[NZ]Otago Witness (NZ) 20 Apr. 31/5: Irish wit is delightful [...] and there is a lurking twinkle in its seemingly most obtuse ‘bulls’ that the thorough Saxon mind often fails to grasp.
[Aus]Truth (Sydney) 8 July 4/7: How they [i.e. the police] watch the pubs and ‘pull’ / Fools who’re caught at Sunday-trading, / But they always make a bull, / When the burglars go a-raiding.
[Aus]Bulletin (Sydney) 14 July 13/1: ‘The Turner Govt. thought they had got the ear of the constituencies and could therefore throw dust in their eyes.’ – Small bull-calf from the speech of Kirton, M.P. for Ballarat, in the Victorian Parliament.
[US]Flynt & Walton Powers That Prey 170: It was a great bull somebody wasn’t croaked for the killin’ o’ Patrolman Stimson two years ago.
[US]Paducah Sun (KY) 2 Sept. 7/2: The Irish member of Parliament is due the credit for the first ‘bull’ of the session. ‘Then when will the heliogram correspondence be published?’ demanded the persistent Irishman.
[US]Ade ‘The Fable of the Poor Woman’ in True Bills 7: Whenever he told a ripe old Scandinavian Wheeze or an Irish Bull she would let out a Whoop.
[Aus]Sun. Times (Perth) 17 Mar. 1/1: [He] declines to allow a boy to laugh when ‘bull’ answers are given by other scholars.
[US](con. 1920s) J.T. Farrell Young Manhood in Studs Lonigan (1936) 379: It was bull number one for him, bad way to start the evening off. Girls got sore when fellows pulled little boners like that.
[Ire]‘Myles na gCopaleen’ Best of Myles (1968) 278: Superimpose on all that the miasma of ironic usage [...] Irish bullery and Paddy Whackery.
[Ire]J. Ryan Remembering How We Stood 89: Kavanagh admitted to having perpetrated only one Irish ‘bull’ in his life.

In phrases

pull a bull (v.) (also make a bull)

to blunder.

[UK]C. Dibdin ‘Life’s a Pun’ Collection of Songs II 169: Men play on our passions to turn us to fools, / And make puns and quibbles, that we may make bulls.
[UK]Sporting Mag. Nov. I 100/2: By the holy Shannon, if I had said as much, I should have been accused of making a bull.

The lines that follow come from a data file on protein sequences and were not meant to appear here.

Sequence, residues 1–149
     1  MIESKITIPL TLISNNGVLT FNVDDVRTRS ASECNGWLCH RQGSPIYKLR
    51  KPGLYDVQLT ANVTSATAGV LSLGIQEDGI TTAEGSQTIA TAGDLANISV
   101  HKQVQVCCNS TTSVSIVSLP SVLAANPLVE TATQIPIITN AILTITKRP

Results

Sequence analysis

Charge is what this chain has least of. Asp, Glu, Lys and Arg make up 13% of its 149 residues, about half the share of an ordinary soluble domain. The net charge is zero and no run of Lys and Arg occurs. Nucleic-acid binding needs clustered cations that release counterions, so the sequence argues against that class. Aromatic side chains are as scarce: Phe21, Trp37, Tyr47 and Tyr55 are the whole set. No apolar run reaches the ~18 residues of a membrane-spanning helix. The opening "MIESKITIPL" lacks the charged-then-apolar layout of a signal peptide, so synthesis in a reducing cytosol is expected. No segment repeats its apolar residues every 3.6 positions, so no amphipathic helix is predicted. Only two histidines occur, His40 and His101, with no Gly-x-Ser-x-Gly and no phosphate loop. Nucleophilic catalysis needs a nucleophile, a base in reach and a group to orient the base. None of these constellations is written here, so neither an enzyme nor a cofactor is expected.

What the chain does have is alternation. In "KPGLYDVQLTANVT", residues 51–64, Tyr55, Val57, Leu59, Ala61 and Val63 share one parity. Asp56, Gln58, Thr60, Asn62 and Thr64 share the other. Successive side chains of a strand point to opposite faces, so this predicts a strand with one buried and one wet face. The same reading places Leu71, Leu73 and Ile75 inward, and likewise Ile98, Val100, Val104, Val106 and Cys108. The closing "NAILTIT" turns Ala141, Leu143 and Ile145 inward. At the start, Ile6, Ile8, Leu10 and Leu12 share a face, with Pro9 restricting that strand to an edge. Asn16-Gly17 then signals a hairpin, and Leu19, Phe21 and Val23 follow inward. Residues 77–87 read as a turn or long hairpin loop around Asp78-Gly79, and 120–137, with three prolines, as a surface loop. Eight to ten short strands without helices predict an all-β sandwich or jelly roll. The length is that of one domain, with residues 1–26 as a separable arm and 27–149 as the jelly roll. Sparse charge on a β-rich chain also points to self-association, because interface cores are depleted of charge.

[UK] ‘Paddy’s Trip From Dublin’ in A Garland of New Songs (16) 6: I told him the bull we had made in our journey; / But for bull making Irishmen always bear blame.
[UK]H. Kingsley Recollections of G. Hamlyn 430: He was telling the most outrageous of Irish stories, and making, on purpose, the most outrageous of Irish bulls.
[Aus]Bulletin (Sydney) 18 Apr. 17/2: You have made rather verbose comments upon a Liverpool alderman making the ‘bull’ of advocating the raising of a volunteer ‘corpse.’ But you should judge of blunders by comparison.
[US]S. Crane Red Badge of Courage (1964) 131: Oh, thunder, MacChesnay, what an awful bull you made of this thing!
[UK]W. Sickert Fortnightly Rev. Dec. 1027: While it must be admitted that Godwin here made a bull, he perhaps put, in this quaint form, a criticism which was not wanting in point.
[UK]H.S. Harrison Queed 392: He had never once made a bull in ‘Mr. Queed’s copy’ since the day of the famous fleas.
[US]S. Lewis Arrowsmith 209: We’ll [...] have a good laugh about that bull you made over the smallpox.
[US]J. Callahan Man’s Grim Justice 37: She was satisfied that I wouldn’t pull any ‘bulls’.
[US](con. 1910s) C.W. Willemse Behind The Green Lights 157: ‘You’ve pulled a bull,’ I said, ‘so take your medicine.’.